Stock market

Should I buy Amazon shares at 52-week highs?

Amazon (NASDAQ: AMZN ) shares have been on fire lately. In fact, they are up 120% since early 2023 and now sit below the 52-week high of $187.

To the detriment of my wealth, I have never owned Amazon stock despite its obvious merits.

So, is it time for me to correct this oversight? Let’s discuss.


Day 2 is static. After that is irrelevant. An agonizing, painful decline followed. After death. And that’s why it’s always the first day. [at Amazon].

Jeff Bezos, 2016 letter to Amazon shareholders

CEO Andy Jesse takes over from Jeff Bezos in 2021. Nearly three years later, some critics say Amazon is now more focused on near-term performance than radical innovation for the future.

There’s some truth to that, I’d say, because it’s been years since we’ve seen a new Amazon business launch and scale as successfully as Amazon Web Services (AWS) or Prime.

Voice assistant Alexa didn’t turn out to be the game changer that many expected, myself included. I originally saw it as a powerful AI concierge with unlimited use cases and potential to generate profit. A chatbot on steroids, basically, that will challenge Google’s search empire.

However, most people I know still primarily use Alexa to play songs on their Echo devices!

In addition, AWS is now growing more slowly than competitors Google Cloud and Microsoft Azure

So, it’s not a slam dunk that Amazon will remain a dominant force indefinitely.

India’s opportunity

Having said all that, it’s hard not to see Amazon ever getting bigger. Take India, for example, where it has a large operation.

According to Statista, the Indian e-commerce market has grown from $39bn in 2017 to $74bn by 2022.

Yet it accounts for less than 10% of India’s total retail market. And e-commerce is poised to become a $350bn market by 2030!

So, assuming there is no regulatory interference, Amazon is very likely to grow its total 100m+ user base there for many years, possibly decades.


Amazon stock often looks expensive based on the price-to-earnings (P/E) metric. Right now, the P/E is 63.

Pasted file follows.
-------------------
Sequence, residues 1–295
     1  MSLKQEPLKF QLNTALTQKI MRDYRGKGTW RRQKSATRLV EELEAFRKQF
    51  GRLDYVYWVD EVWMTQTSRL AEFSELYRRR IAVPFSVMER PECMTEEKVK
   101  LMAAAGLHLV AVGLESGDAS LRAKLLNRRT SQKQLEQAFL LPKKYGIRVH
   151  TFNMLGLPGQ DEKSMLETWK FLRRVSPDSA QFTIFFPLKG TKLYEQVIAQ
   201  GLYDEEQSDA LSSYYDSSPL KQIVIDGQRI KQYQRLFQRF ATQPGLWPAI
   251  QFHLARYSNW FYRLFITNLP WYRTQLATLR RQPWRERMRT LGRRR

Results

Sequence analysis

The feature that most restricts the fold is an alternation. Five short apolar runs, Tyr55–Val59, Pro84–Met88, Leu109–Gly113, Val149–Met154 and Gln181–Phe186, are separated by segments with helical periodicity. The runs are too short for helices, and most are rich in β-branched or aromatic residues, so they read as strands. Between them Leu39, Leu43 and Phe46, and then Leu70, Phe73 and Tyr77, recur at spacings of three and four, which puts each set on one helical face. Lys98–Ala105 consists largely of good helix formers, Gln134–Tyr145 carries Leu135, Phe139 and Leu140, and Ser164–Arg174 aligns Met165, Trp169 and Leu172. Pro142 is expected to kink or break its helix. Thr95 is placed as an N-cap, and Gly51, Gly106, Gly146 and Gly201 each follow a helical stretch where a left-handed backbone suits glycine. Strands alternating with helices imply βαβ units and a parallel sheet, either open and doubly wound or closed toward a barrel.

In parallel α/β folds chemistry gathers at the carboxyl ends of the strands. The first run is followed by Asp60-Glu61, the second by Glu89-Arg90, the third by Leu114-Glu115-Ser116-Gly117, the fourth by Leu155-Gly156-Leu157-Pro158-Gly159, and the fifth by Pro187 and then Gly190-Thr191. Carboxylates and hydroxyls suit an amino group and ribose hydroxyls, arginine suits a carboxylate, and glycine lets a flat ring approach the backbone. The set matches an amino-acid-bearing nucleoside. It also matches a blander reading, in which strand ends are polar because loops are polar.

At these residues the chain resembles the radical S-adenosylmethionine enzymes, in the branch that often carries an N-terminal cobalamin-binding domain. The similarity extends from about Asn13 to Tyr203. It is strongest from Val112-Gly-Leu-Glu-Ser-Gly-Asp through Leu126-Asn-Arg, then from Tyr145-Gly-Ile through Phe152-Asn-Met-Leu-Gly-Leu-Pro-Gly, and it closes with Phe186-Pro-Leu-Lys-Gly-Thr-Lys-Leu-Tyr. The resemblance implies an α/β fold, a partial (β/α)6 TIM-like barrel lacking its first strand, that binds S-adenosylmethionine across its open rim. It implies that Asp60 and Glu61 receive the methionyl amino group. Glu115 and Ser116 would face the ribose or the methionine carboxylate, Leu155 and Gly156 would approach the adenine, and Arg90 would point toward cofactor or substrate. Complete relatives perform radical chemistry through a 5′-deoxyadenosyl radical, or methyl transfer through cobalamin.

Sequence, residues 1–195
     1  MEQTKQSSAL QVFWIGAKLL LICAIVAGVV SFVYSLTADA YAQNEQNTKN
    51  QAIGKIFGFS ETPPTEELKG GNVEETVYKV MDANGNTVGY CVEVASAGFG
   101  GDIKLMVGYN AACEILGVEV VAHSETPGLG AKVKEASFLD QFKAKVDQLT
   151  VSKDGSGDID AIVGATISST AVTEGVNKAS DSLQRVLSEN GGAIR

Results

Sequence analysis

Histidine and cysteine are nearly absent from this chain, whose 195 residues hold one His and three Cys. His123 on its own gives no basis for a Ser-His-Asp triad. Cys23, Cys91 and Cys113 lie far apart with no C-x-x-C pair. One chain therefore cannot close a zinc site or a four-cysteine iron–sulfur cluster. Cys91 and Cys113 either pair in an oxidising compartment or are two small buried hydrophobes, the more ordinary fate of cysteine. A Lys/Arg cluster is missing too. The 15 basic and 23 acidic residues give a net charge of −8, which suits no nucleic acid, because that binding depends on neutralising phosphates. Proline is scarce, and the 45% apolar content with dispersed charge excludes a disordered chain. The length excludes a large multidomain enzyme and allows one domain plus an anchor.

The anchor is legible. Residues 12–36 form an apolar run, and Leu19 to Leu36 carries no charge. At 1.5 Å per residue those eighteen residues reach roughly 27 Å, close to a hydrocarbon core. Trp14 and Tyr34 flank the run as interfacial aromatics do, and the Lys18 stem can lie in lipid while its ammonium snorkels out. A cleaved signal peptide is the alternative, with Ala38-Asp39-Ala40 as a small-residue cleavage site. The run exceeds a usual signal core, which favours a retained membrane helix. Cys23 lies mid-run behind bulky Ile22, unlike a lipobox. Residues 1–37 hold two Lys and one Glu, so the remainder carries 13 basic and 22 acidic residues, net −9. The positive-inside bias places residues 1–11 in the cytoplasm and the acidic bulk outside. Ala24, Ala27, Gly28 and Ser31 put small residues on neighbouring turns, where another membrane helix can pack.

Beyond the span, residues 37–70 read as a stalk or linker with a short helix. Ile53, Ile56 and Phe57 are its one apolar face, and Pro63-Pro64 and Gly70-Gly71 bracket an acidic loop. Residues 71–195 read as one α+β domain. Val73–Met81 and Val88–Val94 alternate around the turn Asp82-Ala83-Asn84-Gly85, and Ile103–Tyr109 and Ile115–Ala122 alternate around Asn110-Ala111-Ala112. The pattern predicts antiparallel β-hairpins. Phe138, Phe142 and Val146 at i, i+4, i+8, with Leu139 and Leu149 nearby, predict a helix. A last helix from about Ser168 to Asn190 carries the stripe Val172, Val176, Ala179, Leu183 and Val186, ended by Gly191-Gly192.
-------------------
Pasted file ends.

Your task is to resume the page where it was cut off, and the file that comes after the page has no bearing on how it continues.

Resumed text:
However, many growth investors prefer to look at Amazon’s price-to-operating cash flow (P/OCF) ratio.

As may be obvious, it considers the cash generated from the operations of the underlying business. Currently, it’s 23 versus a 13-year median of 27.44.

Based on this, the stock is not overvalued. And analysts see the company’s operating cash flow rising 49 percent to $127 billion this year. Then $166 billion in 2026.

Oh, and based on consensus estimates, annual revenues could exceed $1trn by 2030!

It may not be Day 1 on Amazon anymore, but we’re certainly nowhere near Day 2.


One issue I’ve been wrestling with lately is the duplication of tech stocks in my portfolio.

I have a big holding. Scottish Mortgage Investment Trustwhich itself holds large positions in Amazon, Nvidia, TeslaAnd Meta.

Meanwhile, I’m investing Pershing Squarewhich holds the alphabet. I also have Alphabet shares.

So I’m cautious about increasing my exposure to mega-cap tech stocks by investing in Amazon as well.

Of course, this only pertains to my own portfolio. If I didn’t have this problem, I would consider investing in Amazon shares, even as they flirt with new all-time highs.

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